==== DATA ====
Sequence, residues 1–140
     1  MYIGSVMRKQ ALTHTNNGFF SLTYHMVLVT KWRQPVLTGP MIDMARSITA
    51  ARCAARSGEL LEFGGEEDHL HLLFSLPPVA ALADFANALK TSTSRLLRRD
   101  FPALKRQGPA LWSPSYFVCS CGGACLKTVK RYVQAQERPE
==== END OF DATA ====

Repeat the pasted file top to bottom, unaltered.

Sequence, residues 1–140
     1  MYIGSVMRKQ ALTHTNNGFF SLTYHMVLVT KWRQPVLTGP MIDMARSITA
    51  ARCAARSGEL LEFGGEEDHL HLLFSLPPVA ALADFANALK TSTSRLLRRD
   101  FPALKRQGPA LWSPSYFVCS CGGACLKTVK RYVQAQERPE